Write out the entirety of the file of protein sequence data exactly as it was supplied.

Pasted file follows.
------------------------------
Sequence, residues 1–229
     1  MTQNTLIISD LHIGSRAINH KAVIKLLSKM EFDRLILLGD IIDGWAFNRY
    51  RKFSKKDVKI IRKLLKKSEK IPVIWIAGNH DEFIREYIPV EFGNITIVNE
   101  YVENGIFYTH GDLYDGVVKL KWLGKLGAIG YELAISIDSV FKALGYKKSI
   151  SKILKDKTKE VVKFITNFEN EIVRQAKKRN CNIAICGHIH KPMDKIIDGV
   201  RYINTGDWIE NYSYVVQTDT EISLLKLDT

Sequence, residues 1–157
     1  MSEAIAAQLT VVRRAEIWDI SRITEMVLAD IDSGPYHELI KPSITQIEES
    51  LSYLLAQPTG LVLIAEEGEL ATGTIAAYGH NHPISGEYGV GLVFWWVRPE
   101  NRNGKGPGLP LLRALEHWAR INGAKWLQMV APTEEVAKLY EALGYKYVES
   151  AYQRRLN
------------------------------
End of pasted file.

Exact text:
Sequence, residues 1–229
     1  MTQNTLIISD LHIGSRAINH KAVIKLLSKM EFDRLILLGD IIDGWAFNRY
    51  RKFSKKDVKI IRKLLKKSEK IPVIWIAGNH DEFIREYIPV EFGNITIVNE
   101  YVENGIFYTH GDLYDGVVKL KWLGKLGAIG YELAISIDSV FKALGYKKSI
   151  SKILKDKTKE VVKFITNFEN EIVRQAKKRN CNIAICGHIH KPMDKIIDGV
   201  RYINTGDWIE NYSYVVQTDT EISLLKLDT

Sequence, residues 1–157
     1  MSEAIAAQLT VVRRAEIWDI SRITEMVLAD IDSGPYHELI KPSITQIEES
    51  LSYLLAQPTG LVLIAEEGEL ATGTIAAYGH NHPISGEYGV GLVFWWVRPE
   101  NRNGKGPGLP LLRALEHWAR INGAKWLQMV APTEEVAKLY EALGYKYVES
   151  AYQRRLN